The dilemma still exists in these early stages of homeland security-he doesn't have a budget and he has a skeleton staff. "It will all be nice smiles and grins to his face, but they [FBI, CIA] will walk out the door, and no one is going to coordinate anything," says Richard Chace, executive director for the SIA.

The Perfect Model

And what about the private sector? According to industry insiders, Ridge is assembling a task force that is ready and aimed at infiltrating the private sector for security insight. "The new task force is certainly a step in the right direction. He [Ridge] needs to get out there and understand what the private sector is doing. How do corporations coordinate these large-scale security measures on a worldwide scale? He should take existing models and try to determine what will work within the federal government," says Chace.

Geoff Craighead, vice president of high rises services for Pinkerton/Burns, believes it is also important that Ridge solicit input not only from the large number of law enforcement agencies, but also security groups such as SIA, ASIS or the IAPSC (International Association of Professional Security Consultants)-trade groups that represent the security industry.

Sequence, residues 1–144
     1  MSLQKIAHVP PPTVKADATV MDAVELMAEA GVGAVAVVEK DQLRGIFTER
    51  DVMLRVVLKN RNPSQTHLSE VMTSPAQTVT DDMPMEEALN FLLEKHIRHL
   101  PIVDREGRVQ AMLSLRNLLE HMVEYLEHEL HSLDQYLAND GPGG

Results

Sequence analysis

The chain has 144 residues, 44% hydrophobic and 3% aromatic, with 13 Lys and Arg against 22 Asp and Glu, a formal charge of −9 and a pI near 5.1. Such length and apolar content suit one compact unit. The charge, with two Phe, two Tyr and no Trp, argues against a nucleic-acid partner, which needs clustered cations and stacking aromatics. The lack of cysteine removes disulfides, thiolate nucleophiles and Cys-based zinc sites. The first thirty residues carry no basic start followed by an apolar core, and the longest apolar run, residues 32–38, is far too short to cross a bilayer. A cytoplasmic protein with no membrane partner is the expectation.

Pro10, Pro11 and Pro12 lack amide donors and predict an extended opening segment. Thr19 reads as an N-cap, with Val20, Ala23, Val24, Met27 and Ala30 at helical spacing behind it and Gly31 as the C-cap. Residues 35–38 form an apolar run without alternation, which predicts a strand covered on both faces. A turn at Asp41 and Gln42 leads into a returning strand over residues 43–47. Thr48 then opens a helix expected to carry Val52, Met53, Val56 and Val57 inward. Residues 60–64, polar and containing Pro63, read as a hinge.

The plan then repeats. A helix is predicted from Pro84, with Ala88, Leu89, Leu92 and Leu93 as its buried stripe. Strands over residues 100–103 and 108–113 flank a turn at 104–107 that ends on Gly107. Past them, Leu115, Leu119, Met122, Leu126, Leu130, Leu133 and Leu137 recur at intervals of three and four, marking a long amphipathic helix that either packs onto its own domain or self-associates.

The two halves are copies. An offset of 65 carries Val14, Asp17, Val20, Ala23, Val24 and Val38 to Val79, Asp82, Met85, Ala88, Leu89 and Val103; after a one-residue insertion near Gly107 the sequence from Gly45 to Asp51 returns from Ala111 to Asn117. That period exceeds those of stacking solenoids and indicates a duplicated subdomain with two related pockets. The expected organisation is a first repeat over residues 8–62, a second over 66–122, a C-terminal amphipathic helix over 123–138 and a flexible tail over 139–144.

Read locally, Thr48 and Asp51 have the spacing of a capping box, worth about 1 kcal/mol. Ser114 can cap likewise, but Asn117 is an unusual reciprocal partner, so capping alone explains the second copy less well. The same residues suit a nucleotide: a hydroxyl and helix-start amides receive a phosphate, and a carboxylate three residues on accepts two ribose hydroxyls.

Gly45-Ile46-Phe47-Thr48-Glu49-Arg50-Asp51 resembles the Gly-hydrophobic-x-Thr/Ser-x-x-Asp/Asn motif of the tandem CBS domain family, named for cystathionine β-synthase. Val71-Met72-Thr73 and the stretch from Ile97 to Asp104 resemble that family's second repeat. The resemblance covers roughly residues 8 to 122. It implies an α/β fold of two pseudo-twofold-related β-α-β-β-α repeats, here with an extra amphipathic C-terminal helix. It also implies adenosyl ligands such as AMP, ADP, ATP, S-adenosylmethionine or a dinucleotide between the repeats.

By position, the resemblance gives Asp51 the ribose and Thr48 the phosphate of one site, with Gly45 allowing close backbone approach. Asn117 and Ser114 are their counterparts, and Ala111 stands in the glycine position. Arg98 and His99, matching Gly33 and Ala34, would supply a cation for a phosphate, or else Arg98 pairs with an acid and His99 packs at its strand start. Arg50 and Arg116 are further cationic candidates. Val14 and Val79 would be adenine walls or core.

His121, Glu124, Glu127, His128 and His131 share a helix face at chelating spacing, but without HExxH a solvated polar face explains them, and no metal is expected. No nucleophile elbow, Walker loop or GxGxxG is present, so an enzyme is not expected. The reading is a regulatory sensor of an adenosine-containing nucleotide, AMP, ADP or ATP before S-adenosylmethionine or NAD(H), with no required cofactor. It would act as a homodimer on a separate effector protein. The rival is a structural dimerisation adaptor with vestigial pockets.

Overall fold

"Once Director Ridge establishes a collaborative effect of the public and private sectors, he will be able to really focus on the mitigation and prevention of any potential future acts of terrorism," says Mandelblit.

And that hinges on the securing and sharing of information. "Part of the problem is that they don't have the infrastructure or the information technology to speak to one another and share information on a real-time basis. Until that is solved, there is no way that we are ever going to be able to coordinate mass efforts to secure our homeland," says Neil Ivey, SIA's director of industry groups and government affairs.

"Not only must Director Ridge break down the communication barriers among the FBI, CIA, INS, ATF and other law enforcement agencies, but he must also create new avenues of dialog between the public and private sectors, in which contemporaneous communications and the coordination of such communications are the underpinnings for developing

a trust and cooperation between private security and law enforcement," says Mandelblit.

Others are a bit more skeptical. According to Gerald Kovacich, a 37 year veteran of security, criminal and civil investigations, anti-fraud, information systems security experience in both government as a special agent and as a manager in international corporations, "The establishment of the homeland security position is another clog in the bureaucracy and gives good PR for those naive enough to think it will make a difference. If homeland security is to work, it cannot

use a matrix management approach. Treat the U.S. as a 'corporation' when applying security. Gov. Ridge must have the funds, authority and formal responsibility." Words to the wise, says Kovacich, "Use the systems approach: design it securely, build it securely and maintain it securely."

Getting Techno